Place the hamster in a cup he can’t climb out of, and use that do weight him on the kitchen scale. Of course, take the weight of the cup into account.

Yellow, thick nails

Not all thick yellow nails mean your hamster’s got diabetes. But it can be a sign, and is worth noting.

Testing your hamster for diabetes

Of course, you can test your hamster’s sugar levels at home too. You can test your hamster’s glucose and ketone levels with ketone test trips.

Your veterinarian will do the same in his lab, with urine samples from your diabetic hamster.

But, if you want to monitor your hamster’s progress and see how his treatment is coming along, then you can also use these strips at home.

This particular box will last for several months, since you do not need to check the hamster’s urine daily.

Do keep in mind that these test strips are not meant just for diabetics, but can also be used by them to monitor their health.

Remember that the glucose levels aren’t always normal. They can sometimes be off, due to an infection for example. So it’s important that you consult with your veterinarian as well the first few times you use these strips, to know how to best read them.

There are manufacturer’s indications yes, but your vet is the best person to ask about this.

Treatment and care for a diabetic hamster

Part of caring for the diabetic hamster includes changing the diet and exercise routine like we’ve discussed before.

Another part is the treatment. There are treatments that can be successful, but it depends on how well the hamster responds to them, and what the veterinarian will recommend.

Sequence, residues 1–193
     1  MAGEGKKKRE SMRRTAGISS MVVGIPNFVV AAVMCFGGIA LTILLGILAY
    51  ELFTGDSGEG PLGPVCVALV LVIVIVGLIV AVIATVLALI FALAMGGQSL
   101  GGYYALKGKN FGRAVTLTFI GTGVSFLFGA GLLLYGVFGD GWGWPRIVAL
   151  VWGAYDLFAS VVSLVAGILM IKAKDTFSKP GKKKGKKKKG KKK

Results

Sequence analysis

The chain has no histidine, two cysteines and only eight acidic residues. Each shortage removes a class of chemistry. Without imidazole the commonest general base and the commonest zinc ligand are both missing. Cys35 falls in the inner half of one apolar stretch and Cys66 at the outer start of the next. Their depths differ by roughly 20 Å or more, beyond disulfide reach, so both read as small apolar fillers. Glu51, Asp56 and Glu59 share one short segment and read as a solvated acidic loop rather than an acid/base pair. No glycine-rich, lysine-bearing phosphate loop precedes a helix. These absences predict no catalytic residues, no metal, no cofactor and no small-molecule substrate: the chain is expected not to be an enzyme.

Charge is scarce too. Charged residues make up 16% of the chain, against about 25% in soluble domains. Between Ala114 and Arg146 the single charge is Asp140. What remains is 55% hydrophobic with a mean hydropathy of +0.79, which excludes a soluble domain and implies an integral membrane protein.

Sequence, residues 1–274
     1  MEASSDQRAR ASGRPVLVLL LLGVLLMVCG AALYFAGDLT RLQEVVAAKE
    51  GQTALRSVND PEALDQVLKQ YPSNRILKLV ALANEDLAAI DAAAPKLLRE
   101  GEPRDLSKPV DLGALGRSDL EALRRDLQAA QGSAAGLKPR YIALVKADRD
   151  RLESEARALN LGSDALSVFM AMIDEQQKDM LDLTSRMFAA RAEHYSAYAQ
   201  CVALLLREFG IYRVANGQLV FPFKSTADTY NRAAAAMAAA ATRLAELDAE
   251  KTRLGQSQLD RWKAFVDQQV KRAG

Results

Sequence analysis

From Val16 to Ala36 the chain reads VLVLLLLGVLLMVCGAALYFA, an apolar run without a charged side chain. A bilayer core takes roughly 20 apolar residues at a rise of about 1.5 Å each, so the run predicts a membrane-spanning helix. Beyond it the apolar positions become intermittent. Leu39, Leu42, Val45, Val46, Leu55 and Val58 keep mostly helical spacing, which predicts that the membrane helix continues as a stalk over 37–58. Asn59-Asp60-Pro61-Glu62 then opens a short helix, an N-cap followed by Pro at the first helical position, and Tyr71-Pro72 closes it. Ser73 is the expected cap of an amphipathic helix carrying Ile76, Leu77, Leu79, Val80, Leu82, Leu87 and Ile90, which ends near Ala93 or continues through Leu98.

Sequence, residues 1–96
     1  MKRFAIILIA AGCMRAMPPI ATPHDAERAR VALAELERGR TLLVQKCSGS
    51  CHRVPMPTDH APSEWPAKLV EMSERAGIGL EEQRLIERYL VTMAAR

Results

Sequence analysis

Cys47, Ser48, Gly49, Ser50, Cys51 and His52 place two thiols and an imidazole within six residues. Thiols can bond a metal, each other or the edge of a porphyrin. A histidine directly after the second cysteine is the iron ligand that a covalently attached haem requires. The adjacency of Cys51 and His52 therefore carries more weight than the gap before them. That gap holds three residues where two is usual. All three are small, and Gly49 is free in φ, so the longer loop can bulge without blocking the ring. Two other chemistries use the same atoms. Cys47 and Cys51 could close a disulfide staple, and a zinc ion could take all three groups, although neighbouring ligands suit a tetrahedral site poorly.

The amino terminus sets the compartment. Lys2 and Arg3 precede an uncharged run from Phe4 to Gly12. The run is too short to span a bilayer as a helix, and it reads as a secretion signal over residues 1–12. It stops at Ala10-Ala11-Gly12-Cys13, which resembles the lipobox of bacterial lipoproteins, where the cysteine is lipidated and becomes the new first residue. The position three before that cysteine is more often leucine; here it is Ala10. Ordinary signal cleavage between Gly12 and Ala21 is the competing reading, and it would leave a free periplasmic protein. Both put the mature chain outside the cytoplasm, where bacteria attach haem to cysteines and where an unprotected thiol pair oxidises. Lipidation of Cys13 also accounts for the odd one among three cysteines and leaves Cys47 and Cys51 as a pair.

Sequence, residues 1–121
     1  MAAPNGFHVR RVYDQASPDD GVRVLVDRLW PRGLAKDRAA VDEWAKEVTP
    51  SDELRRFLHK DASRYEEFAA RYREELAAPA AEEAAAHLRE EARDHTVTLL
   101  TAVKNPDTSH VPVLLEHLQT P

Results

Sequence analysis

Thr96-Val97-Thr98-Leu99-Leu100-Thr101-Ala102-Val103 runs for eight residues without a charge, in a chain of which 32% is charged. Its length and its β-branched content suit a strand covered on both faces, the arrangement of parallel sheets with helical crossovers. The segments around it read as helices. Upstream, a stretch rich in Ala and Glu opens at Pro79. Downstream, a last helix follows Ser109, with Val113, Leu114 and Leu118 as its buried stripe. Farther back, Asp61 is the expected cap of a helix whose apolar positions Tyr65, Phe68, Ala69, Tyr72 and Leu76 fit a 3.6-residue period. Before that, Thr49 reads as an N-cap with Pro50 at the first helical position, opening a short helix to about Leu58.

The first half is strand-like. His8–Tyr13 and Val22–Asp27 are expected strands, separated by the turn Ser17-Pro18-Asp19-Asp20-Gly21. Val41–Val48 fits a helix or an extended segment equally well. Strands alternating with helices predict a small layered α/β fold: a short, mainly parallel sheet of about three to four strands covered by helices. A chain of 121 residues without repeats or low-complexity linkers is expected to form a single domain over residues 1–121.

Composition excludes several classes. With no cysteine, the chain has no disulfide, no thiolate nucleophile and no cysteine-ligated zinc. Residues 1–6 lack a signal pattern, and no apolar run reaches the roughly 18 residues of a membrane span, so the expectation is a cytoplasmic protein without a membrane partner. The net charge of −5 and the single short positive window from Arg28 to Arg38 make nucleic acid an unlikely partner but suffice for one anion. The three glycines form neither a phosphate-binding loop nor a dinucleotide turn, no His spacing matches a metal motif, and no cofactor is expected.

Treatment with fenugreek is a common way of helping hamsters with diabetes, but the dosage is harder to be exact with. Fenugreek has been used as a healing plant for centuries, and often in diabetes treatment. It’s not  a definite cure, but might be an option.

Another option your vet might present you with is Glipidize tablets to mix into the hamster’s food or drink. It’s basically going to make the hamster’s pancreas produce more insulin. So shots are out of the question here.

And finally, insulin shots for a diabetic hamster are what your mind probably first wandered to. Honestly, they were my first guess too, given how humans are usually treated.

The thing about insulin shots is that they need to constantly be adjusted to how well the hamster’s responding to other treatments, the new diet, the urine needs frequent measurements and so on.

So it’s not a great idea to do this without a vet’s help, or if you’re not a vet at all. A trained professional will know how to dose the amount according to the hamster’s size and resistance to insulin.

A word from Teddy

I hope you found what you were looking for in this article. Us hammies can get sick sometimes, and we rely on you for help. Diabetic hammies can lead normal lives, but we need some treatment.

If you want to know more about us hammies, you should check out the related articles below. You’ll find out more about how to keep up happy and safe.

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Do Hamsters Get Fleas ? How To Check And Treat Your Hamster